“I’m sorry, Ebby. She doesn’t ever want to see you again, and I’m not going to make her.”

“Main Course, I don’t want us to be enemies,” she said as she reached out and placed a hoof over his. “I wasn’t lying when I said that I owed you a debt, or when I said you were special. But I’m not going to give up on this. Couldn’t you try to persuade her just to talk to me? If I just had the chance to show her that I’ve changed I think I could win her over.”

“I don’t think you really appreciate the full extent of the damage you did to her. How many times did you promise her that you’d changed only to go back on that?”

“I’m sure your sister the lawyer explained that, legally, I hold pretty much all the cards here,” she said. His surprise must have been obvious, because she continued. “What do you think I’ve been doing over the last few days? You and Citrine caught me by surprise the other day, and I think we can all agree it went poorly. I looked into you so that wouldn’t happen again.”

“So you know all about me, and I know nothing about you except what Scootaloo’s told me. Her story doesn’t exactly make you look good.”

She shrugged. “So ask me whatever you want. You’ve heard the worst of it, I have no reason to lie to you.”

“Alright,” said Main Course. “What’s the real deal with Scootaloo’s father?”

She flinched. “That’s a long story.”

“Somepony once said to me that the ones worth telling usually are.”

“Fair enough,” she said with a grin. She settled back in her chair. “I come from a relatively minor noble family with some landholdings in the forests to the west, but our clan has always been eager to climb the social ladder. My parents managed to win the favor of an older and more powerful family, and they cobbled together an alliance with them. I won’t bore you with the details, they don’t really matter. But to seal the deal they married me off to a stallion a decade older than me who I’d never met before my wedding day. He's called Count Obsidian.”

“Geez, and you went along with it?” asked Main Course.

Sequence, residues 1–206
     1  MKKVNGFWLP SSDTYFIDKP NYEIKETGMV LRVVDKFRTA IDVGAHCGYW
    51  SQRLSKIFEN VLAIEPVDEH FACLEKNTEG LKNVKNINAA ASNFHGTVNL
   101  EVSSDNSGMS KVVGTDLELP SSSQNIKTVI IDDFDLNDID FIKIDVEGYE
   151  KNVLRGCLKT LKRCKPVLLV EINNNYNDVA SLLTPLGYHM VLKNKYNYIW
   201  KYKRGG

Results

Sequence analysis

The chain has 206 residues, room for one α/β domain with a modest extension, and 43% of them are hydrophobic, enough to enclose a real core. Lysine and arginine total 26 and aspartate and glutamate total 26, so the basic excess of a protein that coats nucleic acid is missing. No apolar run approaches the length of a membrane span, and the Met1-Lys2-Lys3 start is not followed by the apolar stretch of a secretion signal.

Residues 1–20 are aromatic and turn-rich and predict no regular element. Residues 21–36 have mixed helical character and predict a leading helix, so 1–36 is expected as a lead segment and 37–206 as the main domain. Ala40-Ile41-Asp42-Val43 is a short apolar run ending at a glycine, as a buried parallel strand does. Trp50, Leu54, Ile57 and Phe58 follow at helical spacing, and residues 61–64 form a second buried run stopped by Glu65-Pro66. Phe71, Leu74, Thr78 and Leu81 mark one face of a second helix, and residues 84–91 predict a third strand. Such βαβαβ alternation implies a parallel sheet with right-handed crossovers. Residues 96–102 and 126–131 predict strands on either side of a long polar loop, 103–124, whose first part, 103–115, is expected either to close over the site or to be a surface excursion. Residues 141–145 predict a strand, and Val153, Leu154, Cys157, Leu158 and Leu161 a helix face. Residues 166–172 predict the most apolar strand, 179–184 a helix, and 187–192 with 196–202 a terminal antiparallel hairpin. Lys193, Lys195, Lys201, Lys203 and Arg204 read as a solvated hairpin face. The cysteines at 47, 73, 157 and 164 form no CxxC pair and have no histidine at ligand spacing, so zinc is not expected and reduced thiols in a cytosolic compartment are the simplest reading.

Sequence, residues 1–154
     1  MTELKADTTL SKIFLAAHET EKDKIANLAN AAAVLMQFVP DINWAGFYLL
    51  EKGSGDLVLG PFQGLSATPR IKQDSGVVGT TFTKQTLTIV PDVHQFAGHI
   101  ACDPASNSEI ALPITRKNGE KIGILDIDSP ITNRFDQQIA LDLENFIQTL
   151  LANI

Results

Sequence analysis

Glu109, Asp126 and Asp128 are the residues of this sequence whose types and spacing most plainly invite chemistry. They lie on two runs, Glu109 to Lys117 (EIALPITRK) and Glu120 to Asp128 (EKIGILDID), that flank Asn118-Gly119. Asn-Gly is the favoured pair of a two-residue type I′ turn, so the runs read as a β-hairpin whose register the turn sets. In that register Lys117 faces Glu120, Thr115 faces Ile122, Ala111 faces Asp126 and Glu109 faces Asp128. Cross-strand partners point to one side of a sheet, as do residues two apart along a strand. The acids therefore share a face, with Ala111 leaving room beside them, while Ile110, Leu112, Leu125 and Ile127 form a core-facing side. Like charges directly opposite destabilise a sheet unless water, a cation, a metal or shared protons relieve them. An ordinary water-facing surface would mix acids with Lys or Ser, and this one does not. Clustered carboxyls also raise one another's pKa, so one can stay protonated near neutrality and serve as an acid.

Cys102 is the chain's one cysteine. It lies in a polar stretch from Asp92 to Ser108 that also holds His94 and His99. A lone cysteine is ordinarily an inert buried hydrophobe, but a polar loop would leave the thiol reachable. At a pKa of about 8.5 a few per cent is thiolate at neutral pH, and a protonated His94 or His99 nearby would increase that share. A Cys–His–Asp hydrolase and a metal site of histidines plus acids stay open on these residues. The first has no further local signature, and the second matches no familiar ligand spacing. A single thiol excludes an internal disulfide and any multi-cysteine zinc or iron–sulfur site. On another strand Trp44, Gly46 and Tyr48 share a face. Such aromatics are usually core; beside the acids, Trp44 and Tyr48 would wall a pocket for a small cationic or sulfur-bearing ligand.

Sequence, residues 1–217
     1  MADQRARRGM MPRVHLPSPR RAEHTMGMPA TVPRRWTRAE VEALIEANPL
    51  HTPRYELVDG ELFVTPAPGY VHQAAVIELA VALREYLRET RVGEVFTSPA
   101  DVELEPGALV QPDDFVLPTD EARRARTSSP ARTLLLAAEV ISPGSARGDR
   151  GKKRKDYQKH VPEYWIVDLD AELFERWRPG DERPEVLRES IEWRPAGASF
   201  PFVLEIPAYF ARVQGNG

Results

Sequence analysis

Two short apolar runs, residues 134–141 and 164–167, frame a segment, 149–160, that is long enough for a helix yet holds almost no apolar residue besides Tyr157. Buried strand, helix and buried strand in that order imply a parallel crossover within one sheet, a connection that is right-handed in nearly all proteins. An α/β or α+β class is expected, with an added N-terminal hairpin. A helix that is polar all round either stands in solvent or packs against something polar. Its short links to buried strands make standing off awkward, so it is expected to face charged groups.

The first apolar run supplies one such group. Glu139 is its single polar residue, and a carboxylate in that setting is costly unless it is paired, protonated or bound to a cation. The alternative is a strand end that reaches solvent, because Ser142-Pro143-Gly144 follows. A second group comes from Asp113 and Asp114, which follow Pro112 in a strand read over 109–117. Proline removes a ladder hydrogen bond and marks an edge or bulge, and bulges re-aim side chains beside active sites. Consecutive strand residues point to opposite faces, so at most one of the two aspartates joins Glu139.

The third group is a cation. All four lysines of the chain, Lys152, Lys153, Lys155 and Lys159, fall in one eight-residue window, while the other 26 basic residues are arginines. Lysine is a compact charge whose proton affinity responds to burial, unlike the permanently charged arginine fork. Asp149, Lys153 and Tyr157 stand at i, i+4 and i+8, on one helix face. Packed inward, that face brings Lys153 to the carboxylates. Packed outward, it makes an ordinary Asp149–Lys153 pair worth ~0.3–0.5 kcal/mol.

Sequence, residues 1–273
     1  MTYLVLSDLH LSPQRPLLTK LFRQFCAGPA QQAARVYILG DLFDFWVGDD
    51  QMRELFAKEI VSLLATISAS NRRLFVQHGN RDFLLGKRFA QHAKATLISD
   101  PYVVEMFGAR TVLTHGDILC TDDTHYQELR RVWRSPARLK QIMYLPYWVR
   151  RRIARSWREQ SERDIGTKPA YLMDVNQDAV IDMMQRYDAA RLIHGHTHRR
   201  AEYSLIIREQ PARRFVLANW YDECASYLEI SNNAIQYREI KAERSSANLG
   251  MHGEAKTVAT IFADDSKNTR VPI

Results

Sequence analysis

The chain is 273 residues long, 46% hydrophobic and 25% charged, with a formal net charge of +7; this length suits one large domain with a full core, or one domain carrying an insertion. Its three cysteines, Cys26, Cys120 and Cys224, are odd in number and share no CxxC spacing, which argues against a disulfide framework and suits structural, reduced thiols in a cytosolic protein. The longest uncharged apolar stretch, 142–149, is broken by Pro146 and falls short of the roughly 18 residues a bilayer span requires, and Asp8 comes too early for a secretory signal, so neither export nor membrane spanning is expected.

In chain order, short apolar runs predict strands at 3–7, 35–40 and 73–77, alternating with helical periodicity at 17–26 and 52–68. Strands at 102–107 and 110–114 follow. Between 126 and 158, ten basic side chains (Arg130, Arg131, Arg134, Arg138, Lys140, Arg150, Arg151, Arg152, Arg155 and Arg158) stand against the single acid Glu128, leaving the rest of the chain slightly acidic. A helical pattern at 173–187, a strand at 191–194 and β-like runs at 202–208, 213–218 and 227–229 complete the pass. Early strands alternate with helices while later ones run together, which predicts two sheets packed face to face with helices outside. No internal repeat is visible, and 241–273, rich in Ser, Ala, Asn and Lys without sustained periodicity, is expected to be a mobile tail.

“It was drilled into my head from early on that helping the family grow more powerful was the thing that mattered, and I had just reached marriageable age. It’s what I expected from my life. Move into a manor, birth a few heirs, then linger around Canterlot amusing myself with gossip and palace intrigue. Only one little thing went wrong.”

“What was that?”

Ebby’s smile turned wistful. “I fell in love. Even worse, with a musician who didn’t have a drop of noble blood in his body. He opened up a whole world of adventure and excitement to me, and my sheltered little filly heart never stood a chance.”

“This was Scootaloo’s ‘Uncle’ Snare Drum, I take it?” asked Main Course.

“Indeed it was. With his purple mane, wings, and an ‘I-can-take-on-the-world' attitude. Sound familiar?”

“The Count must not have been too happy about that.”

“Oh, we had an arrangement. He had quite a few consorts of his own over the years, and some of them I even count among my dearest friends to this day. But there were two conditions. The first was discretion, and the second was a legitimate heir. We failed both. Snare Drum absolutely adored Citrine. He even used to take her up flying with him, or out into town. It was hard for ponies not to notice the resemblance. I was young and too foalish to realize what sort of damage I was doing to the Count’s reputation, and to him reputation is absolutely everything. Despite his best efforts, I wasn’t getting pregnant again, either. Not a recipe for a happy Count.”